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Thread: got and has got

  1. engee30's Avatar
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    #11

    Cool Re: got and has got

    Quote Originally Posted by stuartnz View Post
    I'm not a teacher, and I feel a bit awkward about complicating this, but there is another way to parse "she has just got a gift." Here's an example:

    The woman in question has just (that is, in the immediate past, very recently) done something which has surprised or amazed someone. The person thus surprised asks a third person, "How did she do that?" and the response is "She's just got a gift". Here "just" doe not talk about time, but could be thought of as meaning, "only" or "simply". So, "She's just got a gift" in the situation I've described would mean, "the only explanation I can give is that she has a gift(talent, or natural flair or ability)"
    Wow, I got really impressed by the way you parsed the sentence.
    This time you were talking about a feature, which is not exactly the same as possession, let alone a recent event of receiving something.

  2. stuartnz's Avatar
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    #12

    Re: got and has got

    Quote Originally Posted by engee30 View Post
    This time you were talking about a feature, which is not exactly the same as possession, let alone a recent event of receiving something.
    I suspect that if you asked most native speakers who are not trained as English teachers to assess the usage I outlined, they would associate it with the idea of possession. "Where did she get that great voice?" "it's something she has", "something she was born with". It's the sort of thorny one that lets me know it's time to call in the professionals.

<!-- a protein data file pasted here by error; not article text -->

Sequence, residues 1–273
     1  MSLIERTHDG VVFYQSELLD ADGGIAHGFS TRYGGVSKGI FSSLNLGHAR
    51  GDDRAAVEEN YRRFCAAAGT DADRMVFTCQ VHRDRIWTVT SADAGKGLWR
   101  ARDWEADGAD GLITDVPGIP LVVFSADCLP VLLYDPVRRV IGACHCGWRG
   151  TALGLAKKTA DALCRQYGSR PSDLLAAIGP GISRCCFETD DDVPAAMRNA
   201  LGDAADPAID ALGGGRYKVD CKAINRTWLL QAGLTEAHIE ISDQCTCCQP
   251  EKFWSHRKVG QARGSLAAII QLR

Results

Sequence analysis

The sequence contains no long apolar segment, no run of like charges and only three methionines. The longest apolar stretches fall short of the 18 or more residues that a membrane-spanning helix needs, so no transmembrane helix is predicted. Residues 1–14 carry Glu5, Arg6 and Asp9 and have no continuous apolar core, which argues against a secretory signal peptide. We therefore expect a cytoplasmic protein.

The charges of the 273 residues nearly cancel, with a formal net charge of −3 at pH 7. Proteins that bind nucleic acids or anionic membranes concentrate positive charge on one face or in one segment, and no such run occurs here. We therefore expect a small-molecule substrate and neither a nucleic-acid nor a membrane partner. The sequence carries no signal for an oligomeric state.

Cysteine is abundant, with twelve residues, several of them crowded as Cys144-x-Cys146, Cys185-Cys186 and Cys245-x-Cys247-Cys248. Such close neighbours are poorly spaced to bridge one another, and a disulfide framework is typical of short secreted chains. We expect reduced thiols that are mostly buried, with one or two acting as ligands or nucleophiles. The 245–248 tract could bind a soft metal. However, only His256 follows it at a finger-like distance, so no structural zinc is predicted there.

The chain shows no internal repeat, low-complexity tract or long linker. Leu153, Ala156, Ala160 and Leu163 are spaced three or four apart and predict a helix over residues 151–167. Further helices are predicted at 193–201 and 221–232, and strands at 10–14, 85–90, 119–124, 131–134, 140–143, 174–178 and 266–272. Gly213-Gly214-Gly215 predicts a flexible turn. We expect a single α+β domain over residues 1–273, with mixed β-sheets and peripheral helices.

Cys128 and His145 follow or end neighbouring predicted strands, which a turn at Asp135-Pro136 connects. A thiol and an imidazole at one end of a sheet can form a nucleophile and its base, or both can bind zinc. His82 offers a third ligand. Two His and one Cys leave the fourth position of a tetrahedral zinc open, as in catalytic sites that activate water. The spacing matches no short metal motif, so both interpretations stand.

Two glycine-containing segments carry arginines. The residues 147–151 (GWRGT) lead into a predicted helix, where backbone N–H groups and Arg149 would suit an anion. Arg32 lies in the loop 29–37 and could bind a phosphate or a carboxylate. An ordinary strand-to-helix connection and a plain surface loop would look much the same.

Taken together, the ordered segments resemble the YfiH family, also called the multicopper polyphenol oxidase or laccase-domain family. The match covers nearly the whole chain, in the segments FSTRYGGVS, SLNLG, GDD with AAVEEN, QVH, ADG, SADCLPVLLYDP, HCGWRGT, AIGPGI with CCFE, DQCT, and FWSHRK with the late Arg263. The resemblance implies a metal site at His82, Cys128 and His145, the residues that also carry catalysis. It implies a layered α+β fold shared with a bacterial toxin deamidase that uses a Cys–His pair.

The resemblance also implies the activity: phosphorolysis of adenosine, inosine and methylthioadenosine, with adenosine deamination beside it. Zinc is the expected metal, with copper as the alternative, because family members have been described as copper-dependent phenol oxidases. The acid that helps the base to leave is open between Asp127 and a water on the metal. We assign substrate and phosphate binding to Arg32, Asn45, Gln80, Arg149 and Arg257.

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    #13

    Re: got and has got

    Good analysis, Stuart. Until I got to a certain point in your description, that meaning just hadn't occurred to me. You must have a gift.

    I don't think the pros have all these differences sorted out either. To me 'having a brother or sister' is a kind of possession, so here, I disagree a wee bit with you, Engee, but it isn't all that important. Students just have to understand how and where it's used.

    Now I'm gonna throw a wrench [a spanner, for you Brits; what word do NZlanders use?] in the works.

    For NaE the present perfect form uses [always, I'm not sure] the past participle form 'gotten' to discuss the meaning of acquired/received/etc.

    A further complication is that "She got ..." and "She's got ..." can carry the same meaning. In fast casual speech, <'s> & <'ve> can be missed because it is often unvoiced or almost unvoiced.

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    #14

    Exclamation Re: got and has got

    Has/have as auxiliay verb, used independently to show possession; Example - She has a bike. But here we are talking about verb "got" which indicates action meaning acquisition. So this is simply a difference between use of two tense forms i.e. past simple and present ferfect. We use the past simple to talk about an event which happened at some point in time in the past. Example: She got a bike two weeks ago. We use present perfect for actios just completed. Example: She has got a bike today.

  4. engee30's Avatar
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    #15

    Cool Re: got and has got

    Quote Originally Posted by Manas Ranjan Mallick View Post
    Has/have as auxiliay verb, used independently to show possession; Example - She has a bike.
    In your sentence, the verb has is not an auxiliary verb, it's a lexical verb (or a full/main verb).

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